Electric Car Cost Comparison Calculator

Comparing Electric Car Costs

This calculator can be used to compare the cost to drive an electric car to a vehicle that runs of gasoline, petrol, or diesel fuel. The calculator needs a total of seven inputs, including:

  • Whether or not the calculator should use US Customary or Metric Units of measure
  • The miles or kilometers driven each day during the weekday
  • The miles or kilometers driven each day during the weekend
  • The price of fuel (gasoline, petrol, diesel) per gallon or liter
  • The miles per gallon or liters per one hundred kilometers for the vehicle being compared to the electric car
  • The cost per kilowatt-hour for electricity
  • The kilowatt-hours per one hundred miles or watt-hours per kilometer for the electric car

The calculator then provides the user with nine outputs, including:

  • The number of miles or kilometers driven each year
  • The gallons or liters of fuel consumed each year
  • The cost per mile or kilometer to drive the vehicle fueled by gasoline, diesel, or petrol
  • The total cost per year to drive the vehicle fueled by gasoline, diesel, or petrol
  • The kilowatt-hours consumed by the electric vehicle annually
  • The cost per mile or kilometer to drive the electric vehicle
  • The total cost per year to drive the electric vehicle
  • Finally, the annual savings achieved by driving an electric car

Comparing the Cost of Electric Vehicles to Gasoline Powered Cars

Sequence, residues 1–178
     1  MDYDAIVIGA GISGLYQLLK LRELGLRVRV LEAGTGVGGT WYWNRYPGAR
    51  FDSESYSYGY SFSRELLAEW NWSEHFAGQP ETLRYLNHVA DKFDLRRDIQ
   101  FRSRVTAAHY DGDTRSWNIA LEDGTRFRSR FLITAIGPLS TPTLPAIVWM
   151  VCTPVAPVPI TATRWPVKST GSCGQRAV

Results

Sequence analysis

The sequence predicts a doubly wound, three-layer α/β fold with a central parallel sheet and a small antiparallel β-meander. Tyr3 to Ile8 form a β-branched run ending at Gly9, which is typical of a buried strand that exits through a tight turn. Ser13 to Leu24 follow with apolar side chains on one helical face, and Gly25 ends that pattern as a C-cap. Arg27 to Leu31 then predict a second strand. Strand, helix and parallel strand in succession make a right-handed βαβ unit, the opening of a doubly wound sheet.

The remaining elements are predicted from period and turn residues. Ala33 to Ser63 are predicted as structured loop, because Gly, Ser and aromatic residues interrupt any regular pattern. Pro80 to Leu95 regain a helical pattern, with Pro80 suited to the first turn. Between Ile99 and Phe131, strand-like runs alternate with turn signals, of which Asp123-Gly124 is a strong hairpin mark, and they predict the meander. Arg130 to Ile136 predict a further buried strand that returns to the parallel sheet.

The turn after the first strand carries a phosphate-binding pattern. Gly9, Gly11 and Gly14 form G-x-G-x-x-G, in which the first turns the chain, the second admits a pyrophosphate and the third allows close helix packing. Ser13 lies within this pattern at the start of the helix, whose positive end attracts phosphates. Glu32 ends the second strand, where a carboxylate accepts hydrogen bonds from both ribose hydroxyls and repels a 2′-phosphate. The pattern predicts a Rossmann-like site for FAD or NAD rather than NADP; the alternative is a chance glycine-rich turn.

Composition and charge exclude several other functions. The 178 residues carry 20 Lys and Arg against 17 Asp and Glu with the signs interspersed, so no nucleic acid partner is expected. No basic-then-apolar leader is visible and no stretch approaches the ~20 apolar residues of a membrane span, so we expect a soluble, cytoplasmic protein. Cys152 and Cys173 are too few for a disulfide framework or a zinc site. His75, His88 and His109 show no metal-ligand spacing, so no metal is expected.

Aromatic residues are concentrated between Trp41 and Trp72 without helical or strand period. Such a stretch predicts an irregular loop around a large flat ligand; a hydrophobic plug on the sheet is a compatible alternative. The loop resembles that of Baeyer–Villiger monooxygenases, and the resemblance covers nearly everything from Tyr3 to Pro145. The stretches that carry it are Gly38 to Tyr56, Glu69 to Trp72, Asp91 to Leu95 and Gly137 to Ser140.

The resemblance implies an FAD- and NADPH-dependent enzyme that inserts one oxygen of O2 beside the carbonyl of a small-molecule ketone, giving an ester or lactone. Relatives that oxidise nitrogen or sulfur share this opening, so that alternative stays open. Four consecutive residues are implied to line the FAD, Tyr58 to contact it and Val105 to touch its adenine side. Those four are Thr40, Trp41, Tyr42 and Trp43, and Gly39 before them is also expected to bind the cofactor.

This calculator allows users to compare the “fuel” cost of an electric vehicle to those powered by gasoline / petrol or diesel. Most of the variables used to perform these calculators should be well known (average miles / kilometers driven) or easy to figure out (fuel or electrical efficiency). And while most drivers know the price they are paying for fuel at the pump, they may not know the cost of a kilowatt-hour. Fortunately, the electric company’s bill will almost always provide this value.

Overall Efficiency of Electric Vehicles

According to figures published by the US Department of Energy, over 77% of the electrical energy from the grid can be converted to power at the wheels of an electric car. Conventional internal combustion engines (ICE) only convert around 12 to 30% of the energy stored in gasoline to power at the wheels. This means an EV is around 2.5 to 6.4 times more efficient than an ICE. Experts are quick to point out the efficiency of the power generator must be considered as well as power line loses, which is the energy lost as electricity travels from a generating station over the power lines and across transformers. Electrical generators range from 30 to 45% efficient in converting their fuel to electrical energy and line losses average around 7% in the United States. Everything taken into consideration, the most efficient electric vehicles may still have a slight advantage over even the most fuel-efficient gasoline powered vehicles.

If EVs only have a slight advantage, then why are the fuel costs so different?

To remain profitable, power generators need to have a precise understanding of their cost to generate electricity and that translates into long-term fuel purchase agreements. Given the purchasing power of these large wholesale consumers of oil, natural gas and coal versus retail purchases of gasoline at the pump, electricity as a fuel for vehicles has an advantage over cars powered by gasoline or diesel. There is hope the expanding use of renewable sources will result in cleaner electrical energy sources too.